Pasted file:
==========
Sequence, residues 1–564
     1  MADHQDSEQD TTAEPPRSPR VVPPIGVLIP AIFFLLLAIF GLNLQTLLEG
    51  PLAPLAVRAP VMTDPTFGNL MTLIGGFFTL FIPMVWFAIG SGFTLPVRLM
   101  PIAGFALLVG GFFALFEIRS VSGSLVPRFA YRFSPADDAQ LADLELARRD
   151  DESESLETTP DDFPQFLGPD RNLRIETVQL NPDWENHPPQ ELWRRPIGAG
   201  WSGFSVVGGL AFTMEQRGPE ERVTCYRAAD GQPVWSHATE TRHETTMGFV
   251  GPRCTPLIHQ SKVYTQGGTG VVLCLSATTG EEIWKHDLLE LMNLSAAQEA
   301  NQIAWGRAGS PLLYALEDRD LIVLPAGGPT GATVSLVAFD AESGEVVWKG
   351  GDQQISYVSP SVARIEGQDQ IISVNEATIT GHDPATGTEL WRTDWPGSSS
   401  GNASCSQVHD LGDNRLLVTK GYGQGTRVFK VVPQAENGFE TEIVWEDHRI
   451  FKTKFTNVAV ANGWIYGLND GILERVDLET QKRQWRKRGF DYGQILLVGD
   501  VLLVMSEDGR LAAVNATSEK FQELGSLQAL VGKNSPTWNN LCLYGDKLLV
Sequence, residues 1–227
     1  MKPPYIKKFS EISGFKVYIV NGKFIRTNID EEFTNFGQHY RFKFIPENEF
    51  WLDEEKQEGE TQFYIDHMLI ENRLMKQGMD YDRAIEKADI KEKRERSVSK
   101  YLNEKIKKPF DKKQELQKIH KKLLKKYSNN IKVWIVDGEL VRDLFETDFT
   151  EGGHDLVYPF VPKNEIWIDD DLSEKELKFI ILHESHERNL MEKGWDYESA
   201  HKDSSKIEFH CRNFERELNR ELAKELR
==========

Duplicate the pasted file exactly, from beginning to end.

Sequence, residues 1–564
     1  MADHQDSEQD TTAEPPRSPR VVPPIGVLIP AIFFLLLAIF GLNLQTLLEG
    51  PLAPLAVRAP VMTDPTFGNL MTLIGGFFTL FIPMVWFAIG SGFTLPVRLM
   101  PIAGFALLVG GFFALFEIRS VSGSLVPRFA YRFSPADDAQ LADLELARRD
   151  DESESLETTP DDFPQFLGPD RNLRIETVQL NPDWENHPPQ ELWRRPIGAG
   201  WSGFSVVGGL AFTMEQRGPE ERVTCYRAAD GQPVWSHATE TRHETTMGFV
   251  GPRCTPLIHQ SKVYTQGGTG VVLCLSATTG EEIWKHDLLE LMNLSAAQEA
   301  NQIAWGRAGS PLLYALEDRD LIVLPAGGPT GATVSLVAFD AESGEVVWKG
   351  GDQQISYVSP SVARIEGQDQ IISVNEATIT GHDPATGTEL WRTDWPGSSS
   401  GNASCSQVHD LGDNRLLVTK GYGQGTRVFK VVPQAENGFE TEIVWEDHRI
   451  FKTKFTNVAV ANGWIYGLND GILERVDLET QKRQWRKRGF DYGQILLVGD
   501  VLLVMSEDGR LAAVNATSEK FQELGSLQAL VGKNSPTWNN LCLYGDKLLV
Sequence, residues 1–227
     1  MKPPYIKKFS EISGFKVYIV NGKFIRTNID EEFTNFGQHY RFKFIPENEF
    51  WLDEEKQEGE TQFYIDHMLI ENRLMKQGMD YDRAIEKADI KEKRERSVSK
   101  YLNEKIKKPF DKKQELQKIH KKLLKKYSNN IKVWIVDGEL VRDLFETDFT
   151  EGGHDLVYPF VPKNEIWIDD DLSEKELKFI ILHESHERNL MEKGWDYESA
   201  HKDSSKIEFH CRNFERELNR ELAKELR